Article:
The impending lawsuit could at least prod the government into reconsidering its capital-intensive scheme, said Nipon Poapongsakorn, president of the TDRI.
Mr Nipon made his comments after a group of lecturers from the National Institute of Development Administration (Nida) and Thammasat University petitioned the court yesterday to suspend or terminate the scheme, reasoning that it violated the constitution and has cost the state at least 98 billion baht.
The real purpose of the petition was to push for a review of the scheme to prevent further losses which would be caused from the next round of rice pledging, said Adis Israngkura, Nida's dean of the School of Development Economics.
Signing in support of the petition were more than 50 Nida lecturers, 27 Thammasat University academics, and 42 other people who were either students or members of the public who disagreed with the scheme.
Mr Adis claimed the implementation of the pledging scheme was a breach of Section 84 of the constitution which promotes a free and fair economic system and prohibits the government from competing in business with private operators without a sound reason.
The rice pledging has also caused rice quality to deteriorate, he said.
By agreeing to accept rice of mixed quality for pledging, the scheme has undermined the market mechanism in controlling standards. Farmers would focus more on boosting the volume of their rice to raise their income and would no longer have any incentive to improve quality, said Mr Adis.
Another factor leading rice quality to decline was that it was stored for longer periods, he said.
The rice pledging scheme has also affected the country's rice industry. The scheme has pushed up rice prices, undermining Thailand's ability to compete with other rice exporters globally.
Mr Adis said Thai rice exports have so far tumbled by 46% because of the scheme.
The government-to-government sale of pledged rice products at considerably lower prices was tantamount to wasting taxpayers' money to subsidise the sale of cheaper rice to consumers in other countries, he said.
"We're not aiming to terminate the scheme but to seek an adjustment to the ceiling of rice pledging prices that should not exceed a range of 9,000 to 10,000 baht per tonne," said Mr Adis.
"And the the maximum volume of rice to be pledged per household should be limited to only 25 tonnes."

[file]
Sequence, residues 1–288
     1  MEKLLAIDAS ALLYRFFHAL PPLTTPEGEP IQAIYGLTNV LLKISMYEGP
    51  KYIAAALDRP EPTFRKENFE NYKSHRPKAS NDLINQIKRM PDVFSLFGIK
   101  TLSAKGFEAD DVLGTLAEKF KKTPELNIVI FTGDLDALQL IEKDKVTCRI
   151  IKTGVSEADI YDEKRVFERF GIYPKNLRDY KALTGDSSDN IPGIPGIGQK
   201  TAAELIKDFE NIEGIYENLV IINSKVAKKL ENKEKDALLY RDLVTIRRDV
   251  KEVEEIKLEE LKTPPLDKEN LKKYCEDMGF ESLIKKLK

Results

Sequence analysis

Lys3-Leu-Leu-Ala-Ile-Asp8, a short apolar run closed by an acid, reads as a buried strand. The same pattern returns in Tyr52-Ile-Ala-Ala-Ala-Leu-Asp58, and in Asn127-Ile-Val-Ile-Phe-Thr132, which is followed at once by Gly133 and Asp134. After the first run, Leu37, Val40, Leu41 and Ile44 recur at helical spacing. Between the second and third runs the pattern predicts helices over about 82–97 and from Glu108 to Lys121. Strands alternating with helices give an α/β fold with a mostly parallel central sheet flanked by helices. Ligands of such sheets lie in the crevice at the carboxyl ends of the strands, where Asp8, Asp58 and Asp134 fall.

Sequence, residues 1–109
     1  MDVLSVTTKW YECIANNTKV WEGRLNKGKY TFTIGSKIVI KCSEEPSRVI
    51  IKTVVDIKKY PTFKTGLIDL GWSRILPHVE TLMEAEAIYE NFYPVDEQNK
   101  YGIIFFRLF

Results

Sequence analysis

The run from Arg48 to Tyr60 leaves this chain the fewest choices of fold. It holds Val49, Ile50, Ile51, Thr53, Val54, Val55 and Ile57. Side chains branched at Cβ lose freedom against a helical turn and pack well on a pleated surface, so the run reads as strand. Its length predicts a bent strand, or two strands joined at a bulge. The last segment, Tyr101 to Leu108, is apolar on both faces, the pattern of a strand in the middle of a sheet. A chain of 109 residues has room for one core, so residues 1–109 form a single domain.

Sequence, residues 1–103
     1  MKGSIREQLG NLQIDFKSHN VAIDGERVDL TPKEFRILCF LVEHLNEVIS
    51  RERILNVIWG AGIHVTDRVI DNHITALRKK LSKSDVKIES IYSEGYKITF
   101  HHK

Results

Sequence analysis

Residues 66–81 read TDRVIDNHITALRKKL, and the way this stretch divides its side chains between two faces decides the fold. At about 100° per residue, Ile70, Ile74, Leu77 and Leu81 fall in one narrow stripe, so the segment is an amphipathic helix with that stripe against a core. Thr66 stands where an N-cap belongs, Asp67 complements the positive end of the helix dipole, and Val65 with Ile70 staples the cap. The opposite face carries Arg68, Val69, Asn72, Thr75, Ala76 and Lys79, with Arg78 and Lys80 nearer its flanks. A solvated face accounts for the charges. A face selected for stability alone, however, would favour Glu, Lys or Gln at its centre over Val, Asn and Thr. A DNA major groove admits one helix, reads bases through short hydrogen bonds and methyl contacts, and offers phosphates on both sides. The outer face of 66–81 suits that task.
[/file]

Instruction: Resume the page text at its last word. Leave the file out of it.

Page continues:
Mr Nipon said the TDRI agreed with any schemes that would help raise farmers' incomes.
"There is nothing wrong with the rice pledging scheme in general but the way the government pledges 'every single grain of paddy' and offers hefty guaranteed prices 35-40% higher than the market price is truly wrong," Mr Nipon said.
The academic said he would not mind if the government went ahead with pledging but farmers should benefit more from the money allocated from the scheme.
According to the TDRI, 63% of funds spent on the pledging programme went to merchants and millers, with the rest going to farmers. Only 5% of funds spent went to poor farmers, most of them in the Northeast.
The government's pledging scheme offers farmers up to 15,000 baht per tonne for white rice paddy and 20,000 baht per tonne for jasmine Hom Mali.
The TDRI estimated that losses for the first year of the programme could reach more than 100 billion baht, based on current global prices and including storage and maintenance costs.
About 2 million farmers out of a total of 3.8 million farm households have applied for the mortgages, most of whom own large plots and enjoy substantial production scale.
Small-scale or subsistence rice farmers hardly benefit from the scheme, according to the research.
"We don't mind if the government tweaks the scheme by offering the pledging price at just 10% above the market price and creates a mechanism allowing small-scale farmers who have to keep their produce in barns gain access to money in the scheme."
Chookiat Ophaswongse, honorary president of the Thai Rice Exporters Association, said the association is gathering information on whether it would be able to file a petition about the effects of the scheme.
He said that exporters may have to wait to see the performance of rice exports for the entire year before taking any action.
However, he pointed out that there is little evidence to support the claim that the pledging scheme has reduced the country's competitiveness in rice exports.
Korbsook Iamsuri said yesterday that Thailand's rice exports by the private sector may stand at 6 million to 6.5 million tonnes, compared with 10.65 million tonnes shipped in 2011.
The figures exclude government-to-government sales. The Commerce Ministry said earlier it has sold more than 7.3 million tonnes to six countries.
But Mr Chookiat was sceptical about the figures especially as he claimed there has been no shipment activity at ports.
"We're talking about shipments of millions of tonnes of rice to be exported. There should be some movement. But many ports are deadly quiet. This is impossible,"he said.